“It is really difficult to compare raw numbers like teraflops across generations, because we think about them differently,” says Ronald. “In general on the GPU side the Xbox Series S is effectively the same performance as an Xbox One X GPU, but it brings all the next-gen features like ray tracing, VRS, mesh shaders, and obviously when you look at the massive leaps in CPU performance and I/O performance, that’s why Xbox Series S is designed to deliver that true next-gen experience just targeting a lower resolution than Xbox Series X.”
The CPU improvements and addition of an SSD for the Xbox Series S will mean games can run a lot more smoothly than they ever did on the Xbox One X. “There are also opportunities where we can enhance the titles on Xbox Series S even further than what we can do on Xbox One X,” says Ronald. “If you look at the raw power of the Xbox Series S, if a title wants to go in and double its frame rates it’s actually really easy, because we’ve more than doubled the GPU performance and more than doubled the CPU performance, so it’s relatively easy for a developer to go in and enable that if they choose to update their title.”
Microsoft has certainly changed its focus for this generation of Xbox consoles to be more about frame rates and load times, rather than just graphical improvements alone. 4K is supported on the Xbox Series S through upscaling, and Microsoft is doing work at the display controller level to get higher image quality and improved color correction for crisper and more accurate images when games are being upscaled.
There’s no real big focus or guarantee of 8K for the Xbox Series S or Xbox Series X, which is a good thing. Consoles have promised 1080p or 4K performance before and failed to hit high framerates for smooth gameplay. “Historically, console generations have really been defined by how games look,” says Ronald. “This generation a lot of it is going to be how do they feel? How do they play? When you think about these large open worlds and keeping players immersed in it, I don’t want pop in, I don’t want load times.” Ronald says buttery smooth gameplay is going to be a priority for Microsoft over the generation of both of these consoles.
Microsoft is also relying on a technique called sampler feedback streaming in the Xbox Series S and X to improve the efficiency of SSD bandwidth. Sampler feedback streaming gives developers much more control over how data is delivered to the GPU for rendering, meaning only the textures that a GPU needs for a scene will be loaded into memory. This should provide some significant performance enhancements alone.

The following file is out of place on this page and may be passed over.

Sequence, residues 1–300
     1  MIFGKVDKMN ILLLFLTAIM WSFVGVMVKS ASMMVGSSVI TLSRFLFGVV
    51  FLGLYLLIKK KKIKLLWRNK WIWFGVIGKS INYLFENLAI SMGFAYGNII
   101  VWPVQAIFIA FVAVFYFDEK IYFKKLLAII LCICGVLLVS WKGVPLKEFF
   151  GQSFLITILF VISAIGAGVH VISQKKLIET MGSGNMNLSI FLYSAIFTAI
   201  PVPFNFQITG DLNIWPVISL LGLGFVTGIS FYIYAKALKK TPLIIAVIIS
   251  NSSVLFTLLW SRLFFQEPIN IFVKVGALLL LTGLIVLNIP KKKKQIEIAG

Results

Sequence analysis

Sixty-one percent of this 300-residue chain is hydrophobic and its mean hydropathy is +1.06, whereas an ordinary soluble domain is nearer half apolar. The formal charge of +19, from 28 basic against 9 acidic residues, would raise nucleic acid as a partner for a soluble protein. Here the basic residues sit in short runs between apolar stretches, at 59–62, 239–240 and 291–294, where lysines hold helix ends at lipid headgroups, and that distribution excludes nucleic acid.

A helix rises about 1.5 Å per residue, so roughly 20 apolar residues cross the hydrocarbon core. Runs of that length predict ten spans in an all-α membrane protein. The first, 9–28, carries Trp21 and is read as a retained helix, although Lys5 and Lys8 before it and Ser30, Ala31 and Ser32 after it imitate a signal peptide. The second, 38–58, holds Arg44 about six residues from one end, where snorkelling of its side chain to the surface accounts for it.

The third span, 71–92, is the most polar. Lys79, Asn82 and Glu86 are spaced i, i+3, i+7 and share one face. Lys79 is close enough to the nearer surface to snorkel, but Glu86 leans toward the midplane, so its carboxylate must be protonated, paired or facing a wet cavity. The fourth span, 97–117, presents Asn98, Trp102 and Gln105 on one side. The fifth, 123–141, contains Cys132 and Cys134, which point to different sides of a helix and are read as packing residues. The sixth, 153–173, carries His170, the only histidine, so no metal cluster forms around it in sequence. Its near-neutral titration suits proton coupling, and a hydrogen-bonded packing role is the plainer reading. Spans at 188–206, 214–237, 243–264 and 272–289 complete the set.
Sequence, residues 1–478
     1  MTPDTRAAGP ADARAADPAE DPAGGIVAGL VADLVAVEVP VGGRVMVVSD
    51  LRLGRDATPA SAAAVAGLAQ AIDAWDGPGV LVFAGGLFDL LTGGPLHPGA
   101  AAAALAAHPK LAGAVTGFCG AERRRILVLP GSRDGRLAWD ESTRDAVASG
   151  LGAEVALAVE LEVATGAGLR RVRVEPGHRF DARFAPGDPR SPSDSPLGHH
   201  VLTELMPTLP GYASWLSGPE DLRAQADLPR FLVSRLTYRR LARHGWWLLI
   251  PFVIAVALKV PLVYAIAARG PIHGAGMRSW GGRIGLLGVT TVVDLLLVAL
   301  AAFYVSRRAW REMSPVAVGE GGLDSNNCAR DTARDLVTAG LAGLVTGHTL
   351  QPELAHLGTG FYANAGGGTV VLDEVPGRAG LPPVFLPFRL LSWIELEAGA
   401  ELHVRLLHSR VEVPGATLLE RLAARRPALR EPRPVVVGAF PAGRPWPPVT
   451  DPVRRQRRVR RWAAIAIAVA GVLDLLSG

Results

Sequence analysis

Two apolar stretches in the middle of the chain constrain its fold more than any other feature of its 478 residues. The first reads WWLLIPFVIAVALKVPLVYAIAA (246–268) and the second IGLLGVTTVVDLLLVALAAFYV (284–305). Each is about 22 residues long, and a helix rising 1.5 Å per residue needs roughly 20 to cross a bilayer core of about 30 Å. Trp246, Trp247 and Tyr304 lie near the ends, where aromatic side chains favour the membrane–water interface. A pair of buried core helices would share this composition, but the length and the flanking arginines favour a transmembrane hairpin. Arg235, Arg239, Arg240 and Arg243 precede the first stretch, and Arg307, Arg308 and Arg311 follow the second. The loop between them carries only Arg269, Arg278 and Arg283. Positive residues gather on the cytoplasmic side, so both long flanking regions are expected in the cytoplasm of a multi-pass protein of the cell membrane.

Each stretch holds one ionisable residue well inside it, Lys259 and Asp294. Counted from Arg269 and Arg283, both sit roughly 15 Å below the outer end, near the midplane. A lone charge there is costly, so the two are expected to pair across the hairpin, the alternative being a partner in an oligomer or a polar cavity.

“When we think about the Xbox velocity architecture or sampler feedback streaming, those are areas where we expect a lot of innovation over the generation,” explains Ronald. “With something like sampler feedback streaming, it can deliver performance well beyond the raw hardware specs itself. So much of this generation is about efficiency.”
So will this Xbox Series S actually hold back next-gen games? Probably not. “No it’s not [going to hold back next-gen],” says Gavin Stevens, co-owner and design lead of indie studio Team Blur Games. “Anybody with even a little experience will tell you as such.” The reality is that the Xbox Series S will require developers to balance and scale their games just like many already do across a choice of hardware for PC gaming, and existing Xbox and PlayStation consoles.
There’s also the reality of existing consoles like the Xbox One and PS4 that could impact future games, since unlike the Xbox Series S there are serious CPU constraints to work around. Microsoft has promised that Xbox Game Studios titles due for release “in the next couple of years” will also be available on Xbox One. Sony on the other hand seemed like it was focused on exclusive games for the PS5 like Marvel’s Spider-Man: Miles Morales and Horizon Forbidden West, but the company is now also launching these on the PS4. Ratchet & Clank: Rift Apart isn’t on the list for a PS4 version, and it looks like a game that really takes advantage of the PS5’s SSD and would be challenging to get running on PS4 hardware.
Many of the hardware and efficiency improvements will need developers to really take advantage of them. While there might be concerns over some of Microsoft’s choices, it’s going to take some time before we see developers get to grips with hardware changes and optimize games accordingly. That’s how console generations have always worked.
The difference in this generation is that if Microsoft’s promises for the Xbox Series S and X hold true, we could be looking at a console period that truly favors framerates and visual quality over pure resolution. The Xbox Series S might be the greatest representation of exactly that, allowing players to get the higher framerates many want to see from the next generation of games.